In light of these reports, one has to ask: why are we not transitioning, en masse, and as quickly as possible, to renewable energy sources? In part, the answer is as simple as the question: vast profits are being made from current practices, and the corporations reaping these profits have enormous influence over government and thus policy. However, the question is also one of an ingrained economic ideology which we can call extractivism. Extractivism is in part the belief that environmental destruction is “the inevitable cost of achieving development” and growth in resource-rich nations.[xlix]

Alberto Acosta, the former energy minister of Ecuador, argues for the need to begin work on a post-extractive economy. The transition will nevertheless be complex and difficult – because of the hold extractivism has on us conceptually, due to its embeddedness in our sense of our relation to the natural world as an apparently boundless store of “resources.” Arguing for a different sense of this relation, Acosta writes: “We should bear in mind that all humanity is obliged to preserve the integrity of the natural processes that guarantee flows of energy and materials in the biosphere. This implies maintaining the planet’s biodiversity. To achieve this civilising transformation, the decommercialisation of Nature would seem to be essential. Economic objectives must be subordinate to the laws that determine how natural systems operate, without losing sight of respect for human dignity and the need to improve the quality of life of people and communities.”[l]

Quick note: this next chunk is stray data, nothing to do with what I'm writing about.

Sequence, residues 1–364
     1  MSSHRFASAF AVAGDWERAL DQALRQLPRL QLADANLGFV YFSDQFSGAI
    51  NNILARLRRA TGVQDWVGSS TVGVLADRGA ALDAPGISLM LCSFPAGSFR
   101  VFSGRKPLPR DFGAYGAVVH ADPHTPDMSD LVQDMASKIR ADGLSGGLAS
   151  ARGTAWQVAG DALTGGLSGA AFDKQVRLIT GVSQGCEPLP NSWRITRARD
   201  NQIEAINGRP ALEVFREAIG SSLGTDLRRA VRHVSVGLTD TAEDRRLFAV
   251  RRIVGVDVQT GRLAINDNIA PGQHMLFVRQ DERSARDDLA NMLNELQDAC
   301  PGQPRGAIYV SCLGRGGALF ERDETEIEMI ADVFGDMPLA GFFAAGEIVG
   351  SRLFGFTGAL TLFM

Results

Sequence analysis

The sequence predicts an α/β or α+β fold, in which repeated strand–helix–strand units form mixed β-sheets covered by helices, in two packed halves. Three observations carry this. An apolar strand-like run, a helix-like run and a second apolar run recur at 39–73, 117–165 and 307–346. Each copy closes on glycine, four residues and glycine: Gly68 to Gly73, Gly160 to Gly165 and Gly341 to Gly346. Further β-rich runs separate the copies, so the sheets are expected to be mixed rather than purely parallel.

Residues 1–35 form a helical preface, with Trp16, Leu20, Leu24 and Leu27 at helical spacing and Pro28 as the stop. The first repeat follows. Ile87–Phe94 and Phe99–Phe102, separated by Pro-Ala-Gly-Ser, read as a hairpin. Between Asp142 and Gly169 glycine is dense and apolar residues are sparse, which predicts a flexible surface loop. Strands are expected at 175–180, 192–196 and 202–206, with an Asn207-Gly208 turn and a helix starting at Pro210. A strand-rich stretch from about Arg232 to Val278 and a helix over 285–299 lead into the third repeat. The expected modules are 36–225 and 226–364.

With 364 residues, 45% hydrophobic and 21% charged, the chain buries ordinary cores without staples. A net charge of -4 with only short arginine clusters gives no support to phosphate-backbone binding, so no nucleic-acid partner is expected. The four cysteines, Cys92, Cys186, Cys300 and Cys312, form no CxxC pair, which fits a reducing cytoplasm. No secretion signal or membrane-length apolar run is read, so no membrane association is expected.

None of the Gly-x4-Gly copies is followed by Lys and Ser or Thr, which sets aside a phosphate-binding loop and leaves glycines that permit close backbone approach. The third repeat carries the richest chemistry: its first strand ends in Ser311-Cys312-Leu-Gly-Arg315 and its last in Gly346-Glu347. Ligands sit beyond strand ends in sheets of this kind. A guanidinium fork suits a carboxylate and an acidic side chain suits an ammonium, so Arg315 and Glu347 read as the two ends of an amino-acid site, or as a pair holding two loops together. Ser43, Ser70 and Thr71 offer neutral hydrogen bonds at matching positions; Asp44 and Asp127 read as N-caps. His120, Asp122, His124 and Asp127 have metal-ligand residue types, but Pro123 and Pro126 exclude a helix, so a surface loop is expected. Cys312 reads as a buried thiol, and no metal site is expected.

In Naomi Klein’s definition, “Extractivism is a nonreciprocal, dominance-based relationship with the earth, one purely of taking. It is the opposite of stewardship, which involves taking but also taking care that regeneration and future life continue.”[li] What is required now is a “shift” in this “mentality,” which “will require rethinking the very nature of humanity’s power – our right to extract ever more without facing consequences, our capacity to bend complex natural systems to our will.”[lii]